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Dog in the forest

Over 1,300 trees were planted in four hours by the Borders Pet Rescue in Earlston, in the borders. South Scotland Conservancy office in Selkirk was approached by the Borders Pet Rescue for planting grants in a field that had a recent tall fence enclosure erected as a training and safe release area for deeply troubled dogs, and to try and create a natural environment that would add interest for both the dogs and the local residents. 

Unfortunately as the landscaping was a condition of the planning application for the fenced enclosure, no organisation was able to assist with grants. But David Kennedy, the Woodland officer for the area, and a resident of Earlston saw this as an opportunity to still increase woodland but paid for by donations and good will.

Main image: Jamie Street / Unsplash

Puppy power

David explained:

It took about six months to get the planting agreed, funded and complete. The first requirement was to get a landscape plan approved. Discussions and meetings took place with the Borders Pet Rescue Committee Members to agree a basic design."

Image of people and pets during tree planting event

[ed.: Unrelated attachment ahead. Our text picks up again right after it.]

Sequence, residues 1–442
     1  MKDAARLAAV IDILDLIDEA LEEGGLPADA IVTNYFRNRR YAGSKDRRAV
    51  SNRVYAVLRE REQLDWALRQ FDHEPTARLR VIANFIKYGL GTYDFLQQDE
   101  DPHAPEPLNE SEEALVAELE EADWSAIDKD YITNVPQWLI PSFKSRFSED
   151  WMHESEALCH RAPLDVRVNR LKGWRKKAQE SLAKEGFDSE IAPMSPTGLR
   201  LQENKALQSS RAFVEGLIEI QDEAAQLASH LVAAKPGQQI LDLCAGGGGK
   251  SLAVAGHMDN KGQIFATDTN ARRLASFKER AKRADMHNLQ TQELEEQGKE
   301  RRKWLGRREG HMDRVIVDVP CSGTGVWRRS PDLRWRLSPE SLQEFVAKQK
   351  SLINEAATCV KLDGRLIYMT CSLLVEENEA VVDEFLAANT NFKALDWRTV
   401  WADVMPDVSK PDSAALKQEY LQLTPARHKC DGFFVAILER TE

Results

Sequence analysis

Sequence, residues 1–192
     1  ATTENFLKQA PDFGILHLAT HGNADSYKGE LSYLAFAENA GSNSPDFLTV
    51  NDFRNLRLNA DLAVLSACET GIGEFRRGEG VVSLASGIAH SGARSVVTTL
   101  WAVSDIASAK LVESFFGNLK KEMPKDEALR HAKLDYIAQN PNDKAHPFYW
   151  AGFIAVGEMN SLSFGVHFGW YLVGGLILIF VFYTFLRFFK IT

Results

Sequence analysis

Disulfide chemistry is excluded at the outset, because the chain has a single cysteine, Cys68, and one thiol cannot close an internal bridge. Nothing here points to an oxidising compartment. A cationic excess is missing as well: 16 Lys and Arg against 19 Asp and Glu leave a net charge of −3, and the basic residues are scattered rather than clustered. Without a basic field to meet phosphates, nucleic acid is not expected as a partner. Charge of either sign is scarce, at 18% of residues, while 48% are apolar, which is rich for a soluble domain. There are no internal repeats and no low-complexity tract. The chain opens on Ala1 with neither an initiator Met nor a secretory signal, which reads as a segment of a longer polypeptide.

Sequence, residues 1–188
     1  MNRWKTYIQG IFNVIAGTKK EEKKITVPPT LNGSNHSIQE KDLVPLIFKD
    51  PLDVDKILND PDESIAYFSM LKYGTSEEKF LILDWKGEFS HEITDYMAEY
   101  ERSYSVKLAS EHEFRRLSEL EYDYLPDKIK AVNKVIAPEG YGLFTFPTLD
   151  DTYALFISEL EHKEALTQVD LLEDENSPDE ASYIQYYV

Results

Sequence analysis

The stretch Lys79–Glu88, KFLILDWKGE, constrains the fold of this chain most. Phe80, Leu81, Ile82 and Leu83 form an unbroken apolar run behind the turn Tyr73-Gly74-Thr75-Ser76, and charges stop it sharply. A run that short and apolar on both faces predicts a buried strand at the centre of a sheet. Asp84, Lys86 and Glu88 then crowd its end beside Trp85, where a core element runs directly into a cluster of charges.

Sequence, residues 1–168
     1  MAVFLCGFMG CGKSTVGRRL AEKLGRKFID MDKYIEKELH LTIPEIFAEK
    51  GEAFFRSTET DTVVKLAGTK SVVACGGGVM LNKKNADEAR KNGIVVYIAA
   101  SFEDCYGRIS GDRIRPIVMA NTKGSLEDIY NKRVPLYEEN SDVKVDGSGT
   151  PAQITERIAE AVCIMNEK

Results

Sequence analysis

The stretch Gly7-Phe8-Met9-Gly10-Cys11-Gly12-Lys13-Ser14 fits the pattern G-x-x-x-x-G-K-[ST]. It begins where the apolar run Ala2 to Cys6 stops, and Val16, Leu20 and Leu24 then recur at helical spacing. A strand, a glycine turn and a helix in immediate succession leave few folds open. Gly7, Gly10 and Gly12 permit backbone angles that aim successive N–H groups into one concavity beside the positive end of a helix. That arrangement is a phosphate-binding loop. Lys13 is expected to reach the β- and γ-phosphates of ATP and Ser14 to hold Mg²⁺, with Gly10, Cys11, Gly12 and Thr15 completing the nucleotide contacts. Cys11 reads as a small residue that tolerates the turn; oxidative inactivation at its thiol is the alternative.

“From this, we mapped the design, calculated the quantities and species mix and protection, discussed with Tilhill, Alba trees and BSW sawmill who very kindly donated tree shelters, trees and stakes.  Via facebook and newspaper articles and publicity arranged by Borders Pet Rescue and a donation from the Community Council for Food, a planting event took place in April with 43 adults, 20 young people, and 5 dogs coming along to plant, with representation from the scouts, youth groups, Earlston development trust and Tilhill, AlbaTrees and FCS staff.

Group of people gathered together in a semi-circle for a photo in a green field with banner behind

David continued:

As a follow up to this project there is great potential to link to the Leader water path, and this is currently under discussion with Scottish Borders Council and the Earlston Paths group.”

Borders Pet Rescue were delighted with the sunny day, and the very positive feedback from the event which saw 1365 planted in four hours. A follow up date for maintenance and a community day, and the unveiling of plaques to thank those who have been involved is due to take place later this year.

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